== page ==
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Tonya Mallory

CEO, Health Diagnostic Laboratory Inc.

Regent University law

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Regent Law delivers extraordinary results at a global level, including moot court wins in competitions that included Harvard, Yale and University of Oxford. Our rigorous programs and top-rated faculty produce top-performing students and lawyers. $bFRPSHWLWLYHHGJH$SULQFLSOHGIRXQGDWLRQ Apply today.

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Contents Virginia’s source for business intelligence.

December 2013 features




Legal Elite lawyers offer perspectives from their specialties.




GAME CHANGER 20 Mallory wants to revolutionize the practice of medicine in the U.S. by Richard Foster

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Retail activity picks up in Virginia with a push from grocers and restaurants. by M.J. McAteer



Manufacturing, tech sectors helping to rebuild area’s economy. by Mason Adams

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Virginia Business (USPS 001-387, ISSN 0888-1340) is published monthly by Virginia Business Publications, LLC, 1207 E. Main Street, Suite 100, Richmond, VA 23219. Subscriptions: U.S. and possessions: $48. Periodicals postage paid at Richmond, Va. Postmaster: Send address changes to Virginia Business, 1207 East Main Street, Suite 100, Richmond, VA 23219. Copyright 2013 Virginia Business Publications, LLC. All editorial material is fully protected and may not be reproduced in any manner without prior permission. For additional reference: SRDS #20A – Business-Metro, State and Regional



Altria Today

Helping Find Solutions Altria is working to find solutions to today’s tobacco issues. Altria’s companies produce premium tobacco products and wine for adult consumers. As attitudes toward tobacco have changed, we’ve made significant changes in the way we do business. Our companies: s#OMMUNICATEOPENLYABOUTTHEHEALTHRISKSOFTOBACCO, including on our websites – and provide information to help tobacco users who want to quit. s Help reduce underage tobacco use – funding the widely-recognized We Card® age verification program and non-profit community groups that help kids make healthy decisions.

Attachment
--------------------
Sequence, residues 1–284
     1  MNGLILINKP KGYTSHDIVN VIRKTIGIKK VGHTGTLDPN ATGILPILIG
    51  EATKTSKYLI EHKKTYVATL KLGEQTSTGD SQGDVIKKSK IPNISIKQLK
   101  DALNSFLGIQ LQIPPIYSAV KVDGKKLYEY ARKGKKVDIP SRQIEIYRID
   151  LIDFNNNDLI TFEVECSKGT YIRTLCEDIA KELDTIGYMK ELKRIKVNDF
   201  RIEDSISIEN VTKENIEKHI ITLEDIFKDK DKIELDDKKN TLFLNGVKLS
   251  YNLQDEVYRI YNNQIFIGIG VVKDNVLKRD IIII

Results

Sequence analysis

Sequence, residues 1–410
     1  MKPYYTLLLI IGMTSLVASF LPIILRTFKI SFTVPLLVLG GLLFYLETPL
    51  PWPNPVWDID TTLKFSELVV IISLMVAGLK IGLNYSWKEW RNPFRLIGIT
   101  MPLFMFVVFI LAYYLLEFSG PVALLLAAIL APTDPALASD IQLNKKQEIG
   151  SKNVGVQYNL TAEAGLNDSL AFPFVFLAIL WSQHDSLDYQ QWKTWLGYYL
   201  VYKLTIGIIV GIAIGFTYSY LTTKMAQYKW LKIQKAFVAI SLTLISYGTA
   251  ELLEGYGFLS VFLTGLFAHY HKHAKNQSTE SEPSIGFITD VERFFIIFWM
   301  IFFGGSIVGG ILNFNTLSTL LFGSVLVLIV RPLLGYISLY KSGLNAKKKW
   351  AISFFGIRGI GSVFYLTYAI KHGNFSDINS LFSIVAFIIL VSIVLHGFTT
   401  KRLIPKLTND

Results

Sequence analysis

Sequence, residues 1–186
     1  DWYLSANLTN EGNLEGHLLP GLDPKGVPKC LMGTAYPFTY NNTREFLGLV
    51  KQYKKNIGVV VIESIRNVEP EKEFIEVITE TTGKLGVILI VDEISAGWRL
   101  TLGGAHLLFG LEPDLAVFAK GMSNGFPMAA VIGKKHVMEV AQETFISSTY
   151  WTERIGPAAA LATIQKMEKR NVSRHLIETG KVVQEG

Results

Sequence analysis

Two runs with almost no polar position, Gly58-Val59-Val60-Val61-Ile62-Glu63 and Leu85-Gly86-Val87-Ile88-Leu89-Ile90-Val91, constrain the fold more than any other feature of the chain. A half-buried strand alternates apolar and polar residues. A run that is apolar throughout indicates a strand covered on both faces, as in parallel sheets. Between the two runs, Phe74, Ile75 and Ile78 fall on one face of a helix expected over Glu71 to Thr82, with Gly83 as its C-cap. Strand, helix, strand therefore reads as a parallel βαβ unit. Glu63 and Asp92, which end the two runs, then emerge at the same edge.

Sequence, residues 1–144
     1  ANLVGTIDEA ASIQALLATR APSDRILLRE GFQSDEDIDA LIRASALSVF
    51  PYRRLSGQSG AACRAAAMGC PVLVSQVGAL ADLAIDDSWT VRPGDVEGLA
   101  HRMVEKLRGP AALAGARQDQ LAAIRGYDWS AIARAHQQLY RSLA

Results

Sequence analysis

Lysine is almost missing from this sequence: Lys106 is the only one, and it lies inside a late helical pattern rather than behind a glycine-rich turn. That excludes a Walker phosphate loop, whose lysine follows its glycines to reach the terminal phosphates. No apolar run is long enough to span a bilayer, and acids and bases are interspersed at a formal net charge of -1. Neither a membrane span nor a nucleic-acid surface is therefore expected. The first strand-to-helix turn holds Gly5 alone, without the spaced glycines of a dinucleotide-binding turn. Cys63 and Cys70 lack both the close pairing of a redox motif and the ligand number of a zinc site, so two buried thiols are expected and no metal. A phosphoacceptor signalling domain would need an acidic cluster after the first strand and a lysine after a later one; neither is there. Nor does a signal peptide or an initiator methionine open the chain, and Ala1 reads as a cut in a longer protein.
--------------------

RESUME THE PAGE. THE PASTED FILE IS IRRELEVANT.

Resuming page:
s3UPPORTEDGIVINGTHE&$!AUTHORITYTOREGULATETOBACCOnTHEonly major tobacco company to do so – and continue to talk with policymakers and others to help address industry issues. Our tobacco companies are America’s leading tobacco product manufacturers, with premium brands like Marlboro, Copenhagen and Black & Mild – and we’ll keep working to find solutions that help meet society’s expectations. It’s our way of doing business at Altria today. Philip Morris USA U.S. Smokeless Tobacco Company John Middleton Ste. Michelle Wine Estates Philip Morris Capital Corporation

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continued Vol. 28


No. 12


President & Publisher Bernard A. Niemeier Editor Robert C. Powell III Managing Editor Paula C. Squires



Special Projects Editor Jessica Sabbath Special Projects Asst. Editor Veronica Garabelli Contributing Writers Mason Adams Robert Burke Richard Foster M.J. McAteer

business trends

Gary Robertson Joan Tupponce




Art Director Adrienne R. Watson


Is The Disthene Group settlement a cautionary tale for closely held companies? by Paula C. Squires

Contributing Illustrator Matt Brown Contributing Photographers Clement Britt

Consolidating airline industry makes airports more competitive. by Gary Robertson

Rick DeBerry Steven Mantilla Mark Rhodes Production Manager Kevin L. Dick



Circulation Manager Karen Chenault



Virginia Tech institute tests automated vehicle technologies. by Richard Foster

Many companies facing broader risks than before. by Joan Tupponce





Alterra deal extends its presence in reinsurance and the global marketplace.


Website improves, but wave of cancellations upsets policyholders. by Robert Burke

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Letters to the Editor